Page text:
Polaris Industries' star is shining brightly these days. In fact, business has been so good that the company is expanding its picking capabilities at its largest distribution center, located in Vermillion, S.D. The well-known maker of snowmobiles, off-road vehicles, and other sporting equipment uses this facility and a regional one in Wilmington, Ohio, to distribute parts and accessories.
For the expansion project, the company has chosen a fulfillment method that combines conveyors with split-case picking. Known as zone routing, the strategy is a form of goods-to-person order fulfillment, meaning it eliminates the need for workers to travel up and down aisles to gather items for orders. And it can be a highly efficient strategy. Zone routing often results in productivity rates of 100 to 150 line items picked per operator per hour, according to Dematic, a company that specializes in automated material handling and logistics solutions and that supplied the Polaris zone routing system.
"One reason to use conveyance and zone routing is an efficiency play, as it eliminates walking. Instead, the cartons come to you," says Paul Eickhoff, director of operations for Polaris Parts, Garments, and Accessories (PG&A) distribution.
As for how it works, zone routing is essentially a variation of pick-and-pass technology. In pick-and-pass operations, conveyors send order cartons or totes through each of the various pick zones. Workers select any items needed from their zones and pass the carton along to the picker in the next zone. What's different about zone routing is that the carton is not routed through each zone. It is diverted only to those zones that contain items required for the order. In a sense, it has the advantages of a goods-to-person system at a fraction of price. Think of this as goods-to-person "lite."
"Zone routing is an accepted technology with a good return on investment," notes Ken Ruehrdanz, manager, distribution systems market for Dematic. "You can get a lot of throughput and performance from zone routing. It works for low, medium, and high rates, and is productive while being fairly compact." For these reasons, he says, the application has caught on across a wide range of industries, including apparel, industrial supplies, food and beverages, office supplies, pharmaceuticals, medical supplies, and personal care products.
Polaris is no newcomer to zone routing; it has used the strategy at both of its facilities for some years now. In fact, the system now undergoing expansion in Vermillion dates back to 1997. The current initiative calls for additional Dematic conveyors and new racking to be installed to double the split-case picking zones to 16 from eight. The new conveyors for the system are being installed next to the old conveyors. The two will run side by side until the transition is complete. The facility is also adding new conveyors that will allow cases to be picked directly to conveyor belts.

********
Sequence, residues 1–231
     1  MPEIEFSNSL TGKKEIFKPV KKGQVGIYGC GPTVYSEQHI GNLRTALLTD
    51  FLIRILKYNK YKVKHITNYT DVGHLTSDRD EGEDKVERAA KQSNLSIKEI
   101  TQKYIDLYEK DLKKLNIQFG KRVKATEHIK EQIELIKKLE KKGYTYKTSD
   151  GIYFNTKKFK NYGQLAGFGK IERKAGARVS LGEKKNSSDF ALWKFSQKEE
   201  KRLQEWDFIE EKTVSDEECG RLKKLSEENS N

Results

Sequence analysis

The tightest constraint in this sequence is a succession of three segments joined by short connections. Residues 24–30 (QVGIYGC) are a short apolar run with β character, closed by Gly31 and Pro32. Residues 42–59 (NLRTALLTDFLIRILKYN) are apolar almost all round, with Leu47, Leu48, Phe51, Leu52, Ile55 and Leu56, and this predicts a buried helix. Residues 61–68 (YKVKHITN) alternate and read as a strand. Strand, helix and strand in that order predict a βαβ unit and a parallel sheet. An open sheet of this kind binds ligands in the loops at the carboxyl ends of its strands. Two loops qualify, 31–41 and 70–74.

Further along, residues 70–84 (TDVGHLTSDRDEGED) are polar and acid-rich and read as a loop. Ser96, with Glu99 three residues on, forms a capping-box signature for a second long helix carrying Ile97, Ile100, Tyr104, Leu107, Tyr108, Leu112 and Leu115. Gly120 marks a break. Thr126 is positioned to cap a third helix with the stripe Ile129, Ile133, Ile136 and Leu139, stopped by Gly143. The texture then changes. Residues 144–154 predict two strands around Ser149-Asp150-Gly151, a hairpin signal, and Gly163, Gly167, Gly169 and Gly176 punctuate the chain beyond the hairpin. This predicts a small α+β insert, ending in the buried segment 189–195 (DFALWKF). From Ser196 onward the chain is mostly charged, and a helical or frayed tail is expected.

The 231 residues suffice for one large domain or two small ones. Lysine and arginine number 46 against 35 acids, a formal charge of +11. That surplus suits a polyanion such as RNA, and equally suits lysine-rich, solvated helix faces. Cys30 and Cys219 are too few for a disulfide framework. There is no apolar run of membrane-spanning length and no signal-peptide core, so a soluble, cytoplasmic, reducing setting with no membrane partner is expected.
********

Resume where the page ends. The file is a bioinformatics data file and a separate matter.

THERE'S SLOTS TO LIKE
For Polaris, much of zone routing's appeal is its ability to handle a wide range of products. The Vermillion facility alone houses 60,000 stock-keeping units (SKUs), which range from service parts and tires to filters and accessories. That kind of variety would be difficult to accommodate in a fully automated system, such as a miniload shuttle setup.
Not so with zone routing. Zones can be configured to be as large or small as needed, depending on the products' size, how often they're ordered, and the need to situate like-products together. Plus, these systems allow items to be stored in pallet flow racks, carton flow racks, and shelving, and permit fast reconfiguration as needs change.
Zone routing also gives companies the flexibility to handle fluctuations in volume, whether they're caused by seasonal swings or simply uneven daily order patterns. For instance, at Polaris, as many as five people might be assigned to a zone during peak periods, which typically occur between 11 and 2. When activity is slow, a single worker can cover two or more zones.
To take best advantage of all of that flexibility, of course, you must have good slotting. The system must be able to keep precise track of the whereabouts of every item. And it has to be able to balance work evenly across the various zones to avoid logjams while still ensuring workers in other areas are kept busy.
At Polaris, it's a job that's never finished. "Reslotting is a daily process," acknowledges Eickhoff. "We have someone working on it full time. Off road, on road, snow, and summer—we are in a constant state of motion on our SKUs and introduce lots of new products on a regular basis."
INS AND OUTS
While zone routing has been around for a couple of decades, advancements in conveyor design have made the process even more economical and productive. Some systems now allow cartons to be introduced at different start points, eliminating the time they would otherwise spend passing by zones with no picks. "If volumes are high and order sizes are small, you don't want the cartons to have to flow through the entire system," explains Luther Webb, director of operations and solutions consulting at Intelligrated, an automated material handling technology supplier. "You can also create 'early outs' so that the carton can go to shipping from a number of the zones without passing every zone," he says.